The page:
7:43 am - Monday October 23, 2017

Enhance the Quality of Financial Regulation – the Need of the Hour.

The purpose of any regulation is for solving problems that stakeholder or business alone cannot solve, as well as for making trade-offs among different objectives.

Year 2008 will definitely go down in the history as the year of the greatest financial crisis. And also as a year of distinct demarcation.  Prior to and including year 2008, the financial regulations in most countries were focused on the principle of non-interference but suddenly from the final months of year 2008, the chorus and focus has been on more financial regulation to ensure continuity, safety and strength of markets.

Regulatory issues are often extremely complex and interdependent. The regulatory process is no less complicated, commonly involving overlapping reviews at periodic intervals.

Some of the proposed reforms in financial regulations that are discussed and expected to protect the financial services industry are:

  • Caps on leverage
  • Liquidity cushions
  • Increases to required capital reserves
  • Enhanced disclosures around valuations
  • Stronger regulation of credit rating agencies
  • Supervisory colleges of cross border regulators
  • Central clearing for over the counter derivatives
  • Greater disclosures of off balance sheet vehicles
  • Greater clarity about where regulatory responsibilities lie
  • Enhanced valuation processes for complex or illiquid assets
  • Reform of compensation systems (e.g. bonus payment structures)
  • Expansion of regulatory oversight to other areas of financial services not currently regulated

These reforms by way of increased financial regulations are expected to bring in the following benefits and new initiatives. However, they all depend on the ability of the regulators to comprehensively cover these reforms and also ensure total compliance.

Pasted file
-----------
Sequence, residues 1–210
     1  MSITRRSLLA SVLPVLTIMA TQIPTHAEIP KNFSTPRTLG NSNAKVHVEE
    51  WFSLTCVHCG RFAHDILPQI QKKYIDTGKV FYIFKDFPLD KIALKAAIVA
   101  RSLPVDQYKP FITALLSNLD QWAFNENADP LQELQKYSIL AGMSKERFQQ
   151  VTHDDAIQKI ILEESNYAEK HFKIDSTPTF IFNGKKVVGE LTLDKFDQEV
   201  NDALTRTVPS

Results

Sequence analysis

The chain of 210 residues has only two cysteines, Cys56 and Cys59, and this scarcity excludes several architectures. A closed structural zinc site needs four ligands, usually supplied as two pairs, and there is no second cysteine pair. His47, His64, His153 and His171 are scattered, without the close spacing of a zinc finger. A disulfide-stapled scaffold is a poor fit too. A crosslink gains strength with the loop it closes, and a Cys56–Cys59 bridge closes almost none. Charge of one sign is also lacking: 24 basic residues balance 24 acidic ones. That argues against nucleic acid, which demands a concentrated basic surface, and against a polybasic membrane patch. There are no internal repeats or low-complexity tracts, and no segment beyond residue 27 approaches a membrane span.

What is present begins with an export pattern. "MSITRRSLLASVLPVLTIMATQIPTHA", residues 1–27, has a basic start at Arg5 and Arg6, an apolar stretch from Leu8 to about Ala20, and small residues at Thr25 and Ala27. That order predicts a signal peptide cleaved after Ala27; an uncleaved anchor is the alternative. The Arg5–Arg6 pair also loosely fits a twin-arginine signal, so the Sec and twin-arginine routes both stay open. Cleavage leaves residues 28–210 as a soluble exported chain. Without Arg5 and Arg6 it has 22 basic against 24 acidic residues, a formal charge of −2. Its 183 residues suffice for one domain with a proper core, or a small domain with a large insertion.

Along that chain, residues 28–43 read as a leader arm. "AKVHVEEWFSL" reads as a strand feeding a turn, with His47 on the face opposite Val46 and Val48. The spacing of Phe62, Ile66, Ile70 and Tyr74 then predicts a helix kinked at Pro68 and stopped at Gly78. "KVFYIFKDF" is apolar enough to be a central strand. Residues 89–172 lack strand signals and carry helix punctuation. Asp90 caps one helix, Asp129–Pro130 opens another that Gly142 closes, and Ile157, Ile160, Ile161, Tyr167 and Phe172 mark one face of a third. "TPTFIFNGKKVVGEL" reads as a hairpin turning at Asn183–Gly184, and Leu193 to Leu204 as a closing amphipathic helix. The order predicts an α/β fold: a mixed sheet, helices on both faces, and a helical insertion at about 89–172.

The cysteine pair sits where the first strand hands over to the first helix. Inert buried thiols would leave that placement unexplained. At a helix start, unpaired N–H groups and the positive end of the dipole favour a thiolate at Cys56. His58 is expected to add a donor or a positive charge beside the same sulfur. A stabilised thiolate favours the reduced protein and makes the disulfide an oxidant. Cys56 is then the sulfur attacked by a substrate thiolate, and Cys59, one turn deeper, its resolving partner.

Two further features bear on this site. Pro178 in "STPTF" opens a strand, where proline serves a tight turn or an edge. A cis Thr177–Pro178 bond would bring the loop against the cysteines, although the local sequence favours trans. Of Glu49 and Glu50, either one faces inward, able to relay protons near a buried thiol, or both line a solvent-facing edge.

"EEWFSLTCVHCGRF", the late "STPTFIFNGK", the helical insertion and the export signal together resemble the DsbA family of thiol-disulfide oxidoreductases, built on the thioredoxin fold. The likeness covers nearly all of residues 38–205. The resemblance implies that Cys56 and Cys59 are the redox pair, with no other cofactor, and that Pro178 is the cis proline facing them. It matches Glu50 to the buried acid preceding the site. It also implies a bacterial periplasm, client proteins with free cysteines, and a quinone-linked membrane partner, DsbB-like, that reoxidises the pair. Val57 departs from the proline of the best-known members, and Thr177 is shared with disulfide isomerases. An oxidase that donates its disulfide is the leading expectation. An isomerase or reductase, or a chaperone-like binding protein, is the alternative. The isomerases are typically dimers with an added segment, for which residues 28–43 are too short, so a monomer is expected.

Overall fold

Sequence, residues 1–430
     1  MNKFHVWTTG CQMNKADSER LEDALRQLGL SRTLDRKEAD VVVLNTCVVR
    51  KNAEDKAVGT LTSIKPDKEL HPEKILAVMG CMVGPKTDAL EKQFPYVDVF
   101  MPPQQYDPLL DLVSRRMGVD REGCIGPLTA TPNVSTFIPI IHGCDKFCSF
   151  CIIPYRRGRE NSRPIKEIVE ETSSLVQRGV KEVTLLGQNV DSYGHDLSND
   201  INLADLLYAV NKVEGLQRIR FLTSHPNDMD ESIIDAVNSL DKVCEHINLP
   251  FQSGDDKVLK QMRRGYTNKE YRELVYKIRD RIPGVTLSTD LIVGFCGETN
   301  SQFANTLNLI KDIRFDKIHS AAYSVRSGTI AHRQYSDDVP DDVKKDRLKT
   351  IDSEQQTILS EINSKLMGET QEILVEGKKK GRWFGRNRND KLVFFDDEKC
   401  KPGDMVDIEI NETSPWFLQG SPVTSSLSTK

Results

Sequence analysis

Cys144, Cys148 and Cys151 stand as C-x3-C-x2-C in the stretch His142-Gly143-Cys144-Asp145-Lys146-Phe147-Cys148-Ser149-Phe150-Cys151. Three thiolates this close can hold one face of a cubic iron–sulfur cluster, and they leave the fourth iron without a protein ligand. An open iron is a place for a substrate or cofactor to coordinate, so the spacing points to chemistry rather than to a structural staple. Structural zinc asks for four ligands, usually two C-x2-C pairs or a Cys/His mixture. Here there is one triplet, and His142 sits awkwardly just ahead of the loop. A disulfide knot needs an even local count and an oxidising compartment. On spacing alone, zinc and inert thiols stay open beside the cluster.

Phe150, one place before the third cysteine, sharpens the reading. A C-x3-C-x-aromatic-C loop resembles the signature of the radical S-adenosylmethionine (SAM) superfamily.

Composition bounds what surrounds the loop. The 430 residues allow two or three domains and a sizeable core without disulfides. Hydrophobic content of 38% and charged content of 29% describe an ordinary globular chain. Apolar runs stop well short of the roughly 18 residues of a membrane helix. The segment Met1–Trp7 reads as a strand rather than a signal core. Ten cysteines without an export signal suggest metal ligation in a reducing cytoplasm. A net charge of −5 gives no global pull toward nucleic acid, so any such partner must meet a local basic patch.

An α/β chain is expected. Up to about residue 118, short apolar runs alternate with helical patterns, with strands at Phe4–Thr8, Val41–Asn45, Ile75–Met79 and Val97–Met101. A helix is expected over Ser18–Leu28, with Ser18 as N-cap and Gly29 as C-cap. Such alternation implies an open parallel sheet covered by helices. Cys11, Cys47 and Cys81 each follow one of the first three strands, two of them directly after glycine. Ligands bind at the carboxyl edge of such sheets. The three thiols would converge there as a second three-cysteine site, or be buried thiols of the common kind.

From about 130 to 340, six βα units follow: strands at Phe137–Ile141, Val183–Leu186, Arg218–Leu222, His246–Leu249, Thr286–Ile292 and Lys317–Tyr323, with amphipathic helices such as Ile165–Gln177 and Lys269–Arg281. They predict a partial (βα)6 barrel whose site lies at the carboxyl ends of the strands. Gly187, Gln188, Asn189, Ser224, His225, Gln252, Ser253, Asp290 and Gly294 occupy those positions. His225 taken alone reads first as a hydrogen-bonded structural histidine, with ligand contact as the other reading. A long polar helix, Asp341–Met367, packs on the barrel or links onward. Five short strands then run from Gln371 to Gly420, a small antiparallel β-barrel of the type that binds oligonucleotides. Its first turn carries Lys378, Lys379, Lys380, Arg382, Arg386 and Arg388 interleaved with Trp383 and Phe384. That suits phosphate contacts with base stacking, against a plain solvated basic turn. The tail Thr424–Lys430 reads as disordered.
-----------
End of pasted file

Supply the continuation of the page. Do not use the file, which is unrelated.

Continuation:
• Restore trust in the banking system
  • Mandate greater disclosure from hedge funds
  • Maintain overall stability of the financial system
  • Co ordinate work of regulatory bodies across borders
  • Monitor risks associated with shadow banking system
  • Implement effective guidance on liquidity management
  • Monitor credit rating agencies and prevent conflicts of interest
  • Ensure that off balance sheet vehicles are reflected in minimum capital requirements
  • Implementation of compensation policies to support long term shareholder value creation
  • Put in place sufficient skills and expertise to keep pace with innovation in the banking system

If one could look at these reforms closely, these regulatory tightening would be very effective in preventing financial crises in the future by focusing on the key measures.

  • Counter party risk
  • Loan to deposit ratios
  • Related party lending
  • Absolute lending limits
  • Liquidity management
  • Increased capital requirements
  • Limits on compensation and bonuses
  • Higher statutory levels of liquid reserves
  • Speed of growth (e.g.  Branch approvals)
  • New Products development and introduction
  • Prescriptive approaches towards these new products
  • More international cooperation in regulating banking system
  • Implementation of advanced capital management vis-à-vis Basel II
  • More timely and thorough disclosures of market, credit, liquidity risks
  • Accounting rules to limit or prohibit the use of off-balance sheet vehicles
  • More frequent government reviews of banks’ risk management policies and practices
  • Strict limits on the use of financial instruments such as securitized assets and derivatives

Understanding regulatory issues in extreme detail is a prerequisite not only for anticipating risks and opportunities but also for building mutually beneficial relationships, based on trust and transparency, with regulators. Usually the hunt for a detailed understanding should start with an exercise to throw more light on the key regulatory issues that could impact business – now and later.

Ideally this exercise should examine the level of uncertainty, the positions of major stakeholders and the value at stake for each regulatory issue as these implications could impact investment decisions, price and service, productivity, tax issues and employment levels.

Let us hope that the depth and reach of evolving financial regulation (either an overdose or by lack of it) should not be accused of causing the next financial crisis.

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